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Buddhadharma : Winter 2015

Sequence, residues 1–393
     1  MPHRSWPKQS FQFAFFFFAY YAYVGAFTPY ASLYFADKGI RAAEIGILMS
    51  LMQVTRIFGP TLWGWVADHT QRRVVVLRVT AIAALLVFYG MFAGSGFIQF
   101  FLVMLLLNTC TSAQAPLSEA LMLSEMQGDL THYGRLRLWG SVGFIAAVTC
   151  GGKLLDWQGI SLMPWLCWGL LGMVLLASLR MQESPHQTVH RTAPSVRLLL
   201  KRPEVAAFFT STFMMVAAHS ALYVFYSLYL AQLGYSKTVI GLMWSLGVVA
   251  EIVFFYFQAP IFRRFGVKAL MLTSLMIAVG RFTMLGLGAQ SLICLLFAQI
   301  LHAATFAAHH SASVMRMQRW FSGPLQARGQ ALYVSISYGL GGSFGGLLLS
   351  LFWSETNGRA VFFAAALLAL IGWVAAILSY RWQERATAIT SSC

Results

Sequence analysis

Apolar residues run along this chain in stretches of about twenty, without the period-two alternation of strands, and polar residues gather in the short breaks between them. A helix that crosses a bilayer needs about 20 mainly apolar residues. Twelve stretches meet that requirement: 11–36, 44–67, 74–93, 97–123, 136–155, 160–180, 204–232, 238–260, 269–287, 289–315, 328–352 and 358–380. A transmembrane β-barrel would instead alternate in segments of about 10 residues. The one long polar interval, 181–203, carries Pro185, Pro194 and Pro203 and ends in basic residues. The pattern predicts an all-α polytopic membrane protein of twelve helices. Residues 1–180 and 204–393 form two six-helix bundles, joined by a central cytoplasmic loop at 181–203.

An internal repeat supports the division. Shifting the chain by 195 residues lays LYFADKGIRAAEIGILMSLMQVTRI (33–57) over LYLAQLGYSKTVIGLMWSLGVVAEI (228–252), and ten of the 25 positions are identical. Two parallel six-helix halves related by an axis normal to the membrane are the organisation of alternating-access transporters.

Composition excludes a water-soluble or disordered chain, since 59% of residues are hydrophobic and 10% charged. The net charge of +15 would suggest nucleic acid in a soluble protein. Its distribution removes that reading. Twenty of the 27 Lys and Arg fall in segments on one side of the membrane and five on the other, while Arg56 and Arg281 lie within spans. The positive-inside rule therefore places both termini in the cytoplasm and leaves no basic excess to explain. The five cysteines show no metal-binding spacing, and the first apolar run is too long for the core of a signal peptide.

many structures within Tibetan Buddhism make it difficult for Western teachers to be fully authorized and supported. Western Tibetan Buddhists are still very tied to what we call the “culture of origin”; we are deeply reliant on the support of Tibetan lamas and institutions. The only way Tibetan Bud- dhism will survive in America is if Western teach- ers become fully authorized and empowered to continue the teachings. The work is underway to develop a form of the tradition that Westerners can truly embody, so I’m optimistic we’ll get there. NINA LA ROSA: I agree, many of the Western Buddhist traditions do have very long paths to becoming a teacher. My tradition offers different ways for people to enter into teaching. One option, our facilitator role, offers a peer model of training to any practitio- ners who are interested. It gives people an opportu- nity to share what they know with a degree of struc- ture but without the assumption of expertise. every- one is expected to be transparent about where they are in their development as a teacher. In traditional Zen and Tibetan models, it can take decades to get to the point where they’re actually teaching. I think those requirements can be barriers to people sharing valuable insights about their practice along the way. DAVE SMITH: Actually, I do think there are a lot of younger teachers. Buddhism is still very young in the U.S.; it’s largely taken off in the past forty years, and it seems to have grown very fast within the last ten or fifteen. Against the Stream, an offshoot of Spirit Rock/Insight Meditation Society (IMS), where I teach now, draws a lot of young people. Like a lot of people in Against the Stream, I have a background of drug addiction and drug abuse. A lot of us got the message very quickly that there is suffering in life and saw that the dharma offered a very pragmatic, realistic way to turn it around. Many people are just dissatisfied with their life or the world and are looking for a place where they can come and practice with like-minded people. There seems to be a pretty big cultural appetite for dharma right now. BuDDHADHARMA: The majority of Buddhist practi- tioners, too, would seem to be in their sixties and beyond. In some sanghas, it’s a serious concern. What are the factors that make a community feel accessible to younger people? ROD OWENS: Tibetan Buddhism struggles to be acces- sible because people walk in the door and are presented with a whole mythology, one that I hear over and over is an obstacle for newcomers. I’ve shifted my teaching style to lead with the essence of dharma rather than with our whole system of ritual and mythology. And since the attention span of younger practitioners is pretty short, the goal is to get to the heart of the matter and help them work with overcoming the intense discomfort that brought them to our door in the first place. TENKu RuFF: Also, younger teachers tend to draw younger crowds, which in some respects makes sense. A lack of young people in sanghas is not something I’m hearing from teachers who are younger; I’m hearing that from teachers who are older. Buddhist communities should make serious efforts to offer the dharma from teachers of different ages. DAVE SMITH: I think there’s been a shift in why people are drawn to the dharma. In the sixties, many people were going to India or centers here looking for enlightenment, for an esoteric spiritual awakening. Now people are coming more through the door of the first noble truth; they’re not looking for enlightenment so much. They’re experiencing a lot of pain and suffering, whether on a personal or global scale. People are disillusioned with capital- ism, with the state of the world, and they want to find a better way to manage that. photos | (oPPosITe) koshin paley ellison, (ABoVe) shundo david haye